Palms and Greater East Asia
On December 1, 1941 the Communications Ministry of Japan issued an invitation for members of the public to submit designs for the next new regular issue of postage stamps. The ministry stipulated that the designs "should be forceful and up-to-date, with subject matter that is effective as propaganda and promotes understanding of the current situation in anti-espionage, expansion of productive power, building a powerful national-defense state, and achieving other national policies." On 21 February 1942 nineteen prize winning designs earned awards up to ¥500. Nakano Takeshi, a Japanese citizen then living in occupied Peking, earned ¥30 for his 18th ranked design of the 10 sen "Palm Trees and Map of Greater East Asia." With minor changes by Kasori Teizo, this design was used for the 2nd Showa issue of 1 December 1942 (Japanese Philately 39(2):71).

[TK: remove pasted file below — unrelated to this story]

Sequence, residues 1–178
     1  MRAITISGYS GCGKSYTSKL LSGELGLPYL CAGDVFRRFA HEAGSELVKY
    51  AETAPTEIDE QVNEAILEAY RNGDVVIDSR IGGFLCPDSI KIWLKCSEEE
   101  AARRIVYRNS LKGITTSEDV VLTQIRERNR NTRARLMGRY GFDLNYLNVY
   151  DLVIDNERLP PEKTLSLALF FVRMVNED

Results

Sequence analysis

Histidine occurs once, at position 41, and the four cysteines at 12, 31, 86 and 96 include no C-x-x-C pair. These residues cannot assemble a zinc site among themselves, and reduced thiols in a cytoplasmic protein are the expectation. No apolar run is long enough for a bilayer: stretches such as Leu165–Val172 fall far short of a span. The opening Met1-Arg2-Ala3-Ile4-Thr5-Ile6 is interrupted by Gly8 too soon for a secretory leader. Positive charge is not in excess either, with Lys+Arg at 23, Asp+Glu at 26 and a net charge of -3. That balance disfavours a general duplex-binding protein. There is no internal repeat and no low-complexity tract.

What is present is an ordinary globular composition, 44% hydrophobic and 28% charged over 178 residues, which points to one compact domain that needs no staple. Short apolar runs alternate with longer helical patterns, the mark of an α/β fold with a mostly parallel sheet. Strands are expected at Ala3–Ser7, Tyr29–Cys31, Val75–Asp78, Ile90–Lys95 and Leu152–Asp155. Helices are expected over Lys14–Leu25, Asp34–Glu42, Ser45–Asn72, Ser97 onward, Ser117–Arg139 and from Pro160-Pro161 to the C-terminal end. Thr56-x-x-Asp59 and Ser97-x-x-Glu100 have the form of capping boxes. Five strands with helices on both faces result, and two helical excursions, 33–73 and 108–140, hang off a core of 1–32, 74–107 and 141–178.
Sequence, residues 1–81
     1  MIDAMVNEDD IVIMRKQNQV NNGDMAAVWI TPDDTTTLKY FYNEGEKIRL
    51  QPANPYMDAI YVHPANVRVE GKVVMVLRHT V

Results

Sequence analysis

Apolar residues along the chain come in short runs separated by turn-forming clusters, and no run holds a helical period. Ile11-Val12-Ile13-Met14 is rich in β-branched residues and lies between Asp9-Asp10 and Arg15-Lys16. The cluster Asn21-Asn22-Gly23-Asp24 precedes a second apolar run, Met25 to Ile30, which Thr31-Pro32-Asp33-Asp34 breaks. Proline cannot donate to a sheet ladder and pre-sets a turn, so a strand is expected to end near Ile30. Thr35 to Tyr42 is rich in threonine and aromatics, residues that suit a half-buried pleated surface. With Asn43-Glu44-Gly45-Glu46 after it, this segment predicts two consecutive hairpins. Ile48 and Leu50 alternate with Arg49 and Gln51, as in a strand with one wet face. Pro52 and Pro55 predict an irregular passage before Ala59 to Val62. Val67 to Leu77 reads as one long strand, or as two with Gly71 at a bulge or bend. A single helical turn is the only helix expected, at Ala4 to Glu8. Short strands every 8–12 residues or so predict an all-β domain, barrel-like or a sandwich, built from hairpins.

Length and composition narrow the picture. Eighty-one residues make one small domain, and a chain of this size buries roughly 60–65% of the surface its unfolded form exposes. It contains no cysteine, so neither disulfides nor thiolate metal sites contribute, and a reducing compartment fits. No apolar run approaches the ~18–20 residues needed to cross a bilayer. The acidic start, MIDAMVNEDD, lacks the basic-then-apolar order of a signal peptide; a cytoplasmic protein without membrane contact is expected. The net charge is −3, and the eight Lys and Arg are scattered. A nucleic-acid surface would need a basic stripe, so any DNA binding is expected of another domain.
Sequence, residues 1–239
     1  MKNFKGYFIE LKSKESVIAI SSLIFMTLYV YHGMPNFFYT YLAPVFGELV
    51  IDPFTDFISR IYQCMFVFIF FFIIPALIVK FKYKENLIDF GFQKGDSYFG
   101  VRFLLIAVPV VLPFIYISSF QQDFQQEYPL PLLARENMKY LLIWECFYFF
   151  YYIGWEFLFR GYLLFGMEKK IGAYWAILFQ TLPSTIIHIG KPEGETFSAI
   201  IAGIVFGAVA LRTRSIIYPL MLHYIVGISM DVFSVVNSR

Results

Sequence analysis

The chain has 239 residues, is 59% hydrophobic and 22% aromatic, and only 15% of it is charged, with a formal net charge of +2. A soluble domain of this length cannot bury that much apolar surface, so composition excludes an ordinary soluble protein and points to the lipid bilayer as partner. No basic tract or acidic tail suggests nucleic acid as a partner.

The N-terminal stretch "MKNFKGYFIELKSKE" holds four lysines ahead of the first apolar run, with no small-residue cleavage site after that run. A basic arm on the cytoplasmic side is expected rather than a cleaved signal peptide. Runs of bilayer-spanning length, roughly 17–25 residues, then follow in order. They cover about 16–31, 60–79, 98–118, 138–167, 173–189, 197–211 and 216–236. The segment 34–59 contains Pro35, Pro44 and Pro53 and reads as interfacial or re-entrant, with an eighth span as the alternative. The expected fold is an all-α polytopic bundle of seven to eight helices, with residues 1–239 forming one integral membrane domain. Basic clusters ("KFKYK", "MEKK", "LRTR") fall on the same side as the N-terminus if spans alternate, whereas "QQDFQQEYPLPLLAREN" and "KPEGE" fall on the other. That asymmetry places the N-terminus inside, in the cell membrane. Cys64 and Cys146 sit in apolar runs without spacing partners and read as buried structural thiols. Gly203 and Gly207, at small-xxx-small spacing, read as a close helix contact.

Of course, Japan at the time was a member of the Axis Powers against which the struggles of World War II were carried out. Japan had been for more than a decade highly militarized and imperialistic. Much as the Americans of the nineteenth century had a sense of Manifest Destiny over the North American continent, and various European powers had for their colonial empires in the Americas, Africa and Asia, Japan had claimed "Greater East Asia" as Japan's share of the colonial powers' pie. Japan was the only non-European nation to realistically make such a claim, and the war for their empire was often called the "Greater East Asian War" by Japanese citizens (A Diary of Darkness: The Wartime Diary of Kiyosawa Kiyoshi).
Paper Type: Rives Lightweight Buff, 115 grams
Paper Size: 10" x 13"
Image Size: 4" x 5"
Edition Size: 50
Inks Used: Van Son Rubber-based: Warm Red, Rhodamine Red
Date cut: 2004-02-23 (Palms); 2009-02-26 (Map)
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